(4 / 5)
More than five decades ago, in 1964 to be precise, a group of musicians assembled in a UK recording studio to cut what would become a classic track; The Kinks’ timeless, “You Really Got Me”. Aside from the brothers Davies – Ray and Dave – and the rest of the now legendary London band, they brought in a session man for the piano parts. Leicester lad Jon Lord.
Wind forward to 2014 and the place; the iconic Royal Albert Hall in London, every last seat sold out and a who’s who of rock musicians turning out to honour that same Jon Lord, who sadly passed away two years earlier on 16th July 2012, after suffering a pulmonary emobilsm at the age of 71. He had been diagnosed with pancreatic cancer in July 2011, and had received treatment in the UK and Israel.
John Douglas “Jon” Lord’s father was an amateur sax’ player and encouraged his son to learn an instrument. The sax’ was not for Jon. He studied classical piano from the age of five, and his classical training would have a major impact on the music he would go on to compose and play in his successful career, as a composer, pianist and organist. He attended Wyggeston Grammar School for Boys in Leicester between 1952 and 1959, where he gained O Level passes in French, music and mathematics, participated in amateur dramatics and the school choir alongside his organ and piano studies. One of the masters there at the time was Colin Dexter, who wrote Inspector Morse, and two other famous pupils who attended that school some years before Jon was David and Richard Attenborough. After leaving full time education, Jon worked as a clerk in a solicitor’s office for two years.
His music career shot him to fame as an outrageously talented Hammond organ player, pianist and composer. A pioneer of fusing rock with classical or baroque forms, especially with Deep Purple, as well as Whitesnake, Paice Ashton Lord, The Artwoods and The Flower Pot Men. In 1968, Lord co-founded Deep Purple, and collaborated on most of their best known material. Lord and drummer Ian Paice were the only continuous presence in the band during the period from 1968 to 1976, and when it was re-formed in 1984 until Lord’s retirement from Deep Purple in 2002.
Such was his standing and reputation for his work, on 11th November 2010, he was inducted as an Honorary Fellow of Stevenson College in Edinburgh, Scotland. On 15th July 2011, he was awarded an honorary Doctor of Music degree by the University of Leicester. Lord was posthumously inducted into the Rock and Roll Hall of Fame on 8th April 2016 as a member of Deep Purple.
“Windows” is the second album of the new Jon Lord reissue series at earMUSIC. This 2017 reissue was re-mastered from the original stereo mixes at Abbey Road “Gemini Suite”, originally released in 1971 and “Windows” (1974) will be followed by the reissue of “Sarabande” (1976) later in 2017.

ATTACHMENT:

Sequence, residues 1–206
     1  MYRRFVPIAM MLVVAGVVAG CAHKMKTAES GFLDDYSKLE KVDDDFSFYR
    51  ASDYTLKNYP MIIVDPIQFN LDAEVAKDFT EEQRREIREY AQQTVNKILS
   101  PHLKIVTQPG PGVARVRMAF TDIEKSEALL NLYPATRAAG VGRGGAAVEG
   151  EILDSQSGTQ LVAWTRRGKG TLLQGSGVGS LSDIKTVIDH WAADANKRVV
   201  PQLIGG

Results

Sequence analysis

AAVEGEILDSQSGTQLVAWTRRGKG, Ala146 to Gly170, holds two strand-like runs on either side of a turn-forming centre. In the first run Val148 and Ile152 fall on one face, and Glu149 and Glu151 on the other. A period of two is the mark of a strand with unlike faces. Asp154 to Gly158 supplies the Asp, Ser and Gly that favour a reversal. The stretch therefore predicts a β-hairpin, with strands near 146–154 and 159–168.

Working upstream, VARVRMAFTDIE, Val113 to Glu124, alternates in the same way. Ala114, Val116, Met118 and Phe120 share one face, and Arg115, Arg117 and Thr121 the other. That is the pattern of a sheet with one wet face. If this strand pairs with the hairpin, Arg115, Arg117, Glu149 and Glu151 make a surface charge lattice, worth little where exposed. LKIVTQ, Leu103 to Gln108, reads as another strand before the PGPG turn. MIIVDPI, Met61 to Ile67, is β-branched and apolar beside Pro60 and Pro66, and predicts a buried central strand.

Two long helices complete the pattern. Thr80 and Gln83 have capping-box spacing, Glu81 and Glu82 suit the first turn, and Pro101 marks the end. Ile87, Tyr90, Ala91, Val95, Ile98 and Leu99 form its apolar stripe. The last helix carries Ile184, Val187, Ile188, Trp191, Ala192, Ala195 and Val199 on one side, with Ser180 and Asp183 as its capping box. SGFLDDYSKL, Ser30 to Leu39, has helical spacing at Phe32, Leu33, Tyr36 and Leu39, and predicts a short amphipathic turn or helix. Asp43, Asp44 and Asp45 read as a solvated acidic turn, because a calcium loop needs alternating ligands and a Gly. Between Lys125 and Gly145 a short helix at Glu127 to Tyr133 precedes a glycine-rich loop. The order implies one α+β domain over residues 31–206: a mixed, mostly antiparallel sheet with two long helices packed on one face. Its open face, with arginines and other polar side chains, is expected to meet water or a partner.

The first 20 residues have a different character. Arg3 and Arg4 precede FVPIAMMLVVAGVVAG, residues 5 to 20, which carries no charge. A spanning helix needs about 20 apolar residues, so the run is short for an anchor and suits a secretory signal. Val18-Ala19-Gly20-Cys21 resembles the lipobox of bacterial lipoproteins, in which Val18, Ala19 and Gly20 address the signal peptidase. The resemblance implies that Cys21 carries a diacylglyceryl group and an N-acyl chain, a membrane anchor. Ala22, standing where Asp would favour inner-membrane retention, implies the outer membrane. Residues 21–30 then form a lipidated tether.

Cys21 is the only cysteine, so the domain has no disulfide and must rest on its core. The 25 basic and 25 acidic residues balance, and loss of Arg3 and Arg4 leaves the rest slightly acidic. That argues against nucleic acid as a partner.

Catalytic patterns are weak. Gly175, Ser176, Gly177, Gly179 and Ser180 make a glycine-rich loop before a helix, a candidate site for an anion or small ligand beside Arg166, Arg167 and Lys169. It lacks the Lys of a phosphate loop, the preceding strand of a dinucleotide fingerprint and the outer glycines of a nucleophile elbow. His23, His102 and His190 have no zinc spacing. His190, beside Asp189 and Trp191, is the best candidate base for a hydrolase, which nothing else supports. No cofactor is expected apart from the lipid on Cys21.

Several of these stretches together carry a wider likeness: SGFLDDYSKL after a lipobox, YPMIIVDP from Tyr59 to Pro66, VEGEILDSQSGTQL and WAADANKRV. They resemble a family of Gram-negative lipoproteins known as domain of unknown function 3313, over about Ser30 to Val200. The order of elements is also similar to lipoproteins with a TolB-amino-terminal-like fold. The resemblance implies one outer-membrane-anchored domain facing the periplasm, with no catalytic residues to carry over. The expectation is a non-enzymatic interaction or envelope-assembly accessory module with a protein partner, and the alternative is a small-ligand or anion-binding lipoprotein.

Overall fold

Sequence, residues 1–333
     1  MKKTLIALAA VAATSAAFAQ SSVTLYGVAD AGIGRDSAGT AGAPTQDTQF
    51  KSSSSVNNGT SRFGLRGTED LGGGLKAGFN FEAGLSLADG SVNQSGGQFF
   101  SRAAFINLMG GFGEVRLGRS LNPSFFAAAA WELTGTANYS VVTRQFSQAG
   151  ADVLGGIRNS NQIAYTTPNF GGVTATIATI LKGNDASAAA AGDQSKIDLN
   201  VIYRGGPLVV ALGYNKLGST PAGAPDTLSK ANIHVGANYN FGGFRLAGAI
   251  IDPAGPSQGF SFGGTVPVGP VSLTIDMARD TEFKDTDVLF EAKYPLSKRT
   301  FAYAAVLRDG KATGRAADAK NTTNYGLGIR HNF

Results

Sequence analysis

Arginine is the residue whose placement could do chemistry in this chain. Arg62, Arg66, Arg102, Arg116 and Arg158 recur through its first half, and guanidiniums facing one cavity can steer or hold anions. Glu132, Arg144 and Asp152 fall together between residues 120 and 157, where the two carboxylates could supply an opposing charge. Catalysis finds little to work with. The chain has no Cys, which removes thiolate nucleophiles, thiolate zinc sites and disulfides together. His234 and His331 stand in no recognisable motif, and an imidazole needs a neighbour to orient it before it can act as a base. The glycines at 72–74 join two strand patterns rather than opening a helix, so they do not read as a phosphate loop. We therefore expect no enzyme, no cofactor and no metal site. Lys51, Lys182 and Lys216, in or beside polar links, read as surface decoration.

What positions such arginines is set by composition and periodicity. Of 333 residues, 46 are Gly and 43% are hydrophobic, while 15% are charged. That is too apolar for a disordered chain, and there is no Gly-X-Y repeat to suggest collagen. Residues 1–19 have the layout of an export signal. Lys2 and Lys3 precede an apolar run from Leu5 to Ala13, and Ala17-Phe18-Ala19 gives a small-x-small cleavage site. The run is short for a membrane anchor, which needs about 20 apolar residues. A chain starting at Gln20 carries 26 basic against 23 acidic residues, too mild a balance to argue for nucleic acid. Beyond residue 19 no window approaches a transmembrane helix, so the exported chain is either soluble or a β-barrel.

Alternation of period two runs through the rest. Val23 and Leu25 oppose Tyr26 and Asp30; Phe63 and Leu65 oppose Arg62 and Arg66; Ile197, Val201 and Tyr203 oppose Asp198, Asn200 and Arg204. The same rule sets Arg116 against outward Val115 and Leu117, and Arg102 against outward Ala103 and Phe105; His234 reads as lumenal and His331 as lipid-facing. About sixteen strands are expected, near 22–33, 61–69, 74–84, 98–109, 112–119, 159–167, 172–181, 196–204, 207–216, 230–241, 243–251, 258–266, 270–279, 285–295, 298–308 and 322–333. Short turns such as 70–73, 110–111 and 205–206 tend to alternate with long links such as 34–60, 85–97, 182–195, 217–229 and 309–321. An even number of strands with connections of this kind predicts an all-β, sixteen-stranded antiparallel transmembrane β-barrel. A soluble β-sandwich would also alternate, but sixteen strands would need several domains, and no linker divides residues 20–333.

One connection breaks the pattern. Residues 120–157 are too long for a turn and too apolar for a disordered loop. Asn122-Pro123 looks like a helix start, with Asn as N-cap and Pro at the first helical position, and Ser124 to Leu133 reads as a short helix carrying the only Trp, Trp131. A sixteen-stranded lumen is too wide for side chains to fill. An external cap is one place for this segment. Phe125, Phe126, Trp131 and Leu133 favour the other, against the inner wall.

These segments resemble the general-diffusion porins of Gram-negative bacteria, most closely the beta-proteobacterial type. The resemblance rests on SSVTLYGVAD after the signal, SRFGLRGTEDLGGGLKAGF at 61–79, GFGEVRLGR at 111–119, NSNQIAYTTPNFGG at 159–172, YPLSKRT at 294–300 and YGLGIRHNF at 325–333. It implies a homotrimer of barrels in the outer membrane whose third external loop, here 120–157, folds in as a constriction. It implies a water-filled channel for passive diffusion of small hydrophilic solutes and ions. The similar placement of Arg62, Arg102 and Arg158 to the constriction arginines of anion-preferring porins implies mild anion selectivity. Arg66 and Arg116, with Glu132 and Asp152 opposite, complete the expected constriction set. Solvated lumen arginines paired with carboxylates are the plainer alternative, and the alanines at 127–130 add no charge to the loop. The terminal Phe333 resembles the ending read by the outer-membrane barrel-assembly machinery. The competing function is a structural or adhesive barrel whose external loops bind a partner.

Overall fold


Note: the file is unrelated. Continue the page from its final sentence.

With his legendary organ blues-rock sound, Deep Purple’s founder Jon Lord has influenced decades of rock music. His album “Windows”, composed by Jon Lord and German composer and conductor Eberhard Schoener, was recorded live on June 1st, 1974 at the Herkulessaal of the Munich Residenz with the Orchestra of the Munich Chamber Opera conducted by Eberhard Schoener. The star-studded band for this occasion featured Lord’s former bandmates David Coverdale and Glenn Hughes (who both turn in some stunning vocals), and Tony Ashton, Ray Fenwick (reminding me of Frank Zappa style percussion parts) and Pete York.
The album consists of two parts. “Continuo on B.A.C.H” is a realisation of an unfinished fugue by J. S. Bach, which he based on a scale using the notes represented by his own name (B.A.C.H.). Lord and Schoener interpreted and finished it. “Window” is based on the idea of a form of chain poetry called Renga, developed during the 14th century in the Far-East, where a group of poets co-writing would lock themselves away, writing each verse in turn and continue until the finished product emerged. There are three movements of “Renga” here: 1st Movement/”Renga”, 2nd Movement/”Gemini” and 3rd Movement/”Alla Marcia Allegro”. The album has a total running time of 49:03 minutes. It is quite mesmerising stuff.
Back to that heady night in 2014 at the Royal Albert Hall, and the “Celebrating Jon Lord” Sunflower Jam….Four hours of Jon’s music with a stunning list of artists paying homage to their late pal. Including an incredible 45 minute finale by Deep Purple, the Purple Mk III songs played by Ian Paice with Glenn Hughes, together with Iron Maiden´s Bruce Dickinson, Rick Wakeman of Yes fame, Steve Balsamo (who sang in the late Jon Lord band and on his last studio album “Concerto”), members of The Temperance Movement, ex members of Whitesnake Marsden and Moody, and Mr Paul Weller. Deep Purple apparently had just two hours rehearsal the day before the show.
If you are a Jon Lord fan, you’ll dig it, and probably already own the original release. If you are a keyboard player and want to hear genius, this is for you. If you are a composer and need inspiration, go get it. Classical music enthusiast looking for something a tad different; just the thing. For some, it will perhaps be an acquired taste. For those who recognise astounding and audacious, there are just two more words to say: “Good Lord!”
By Jason Parkinson
(1 / 5) ‘Dull Zone’
(2 / 5) ‘OK Zone’
(3 / 5) ‘Decent Zone’
(4 / 5) ‘Super Zone’
(5 / 5) ‘Awesome Zone’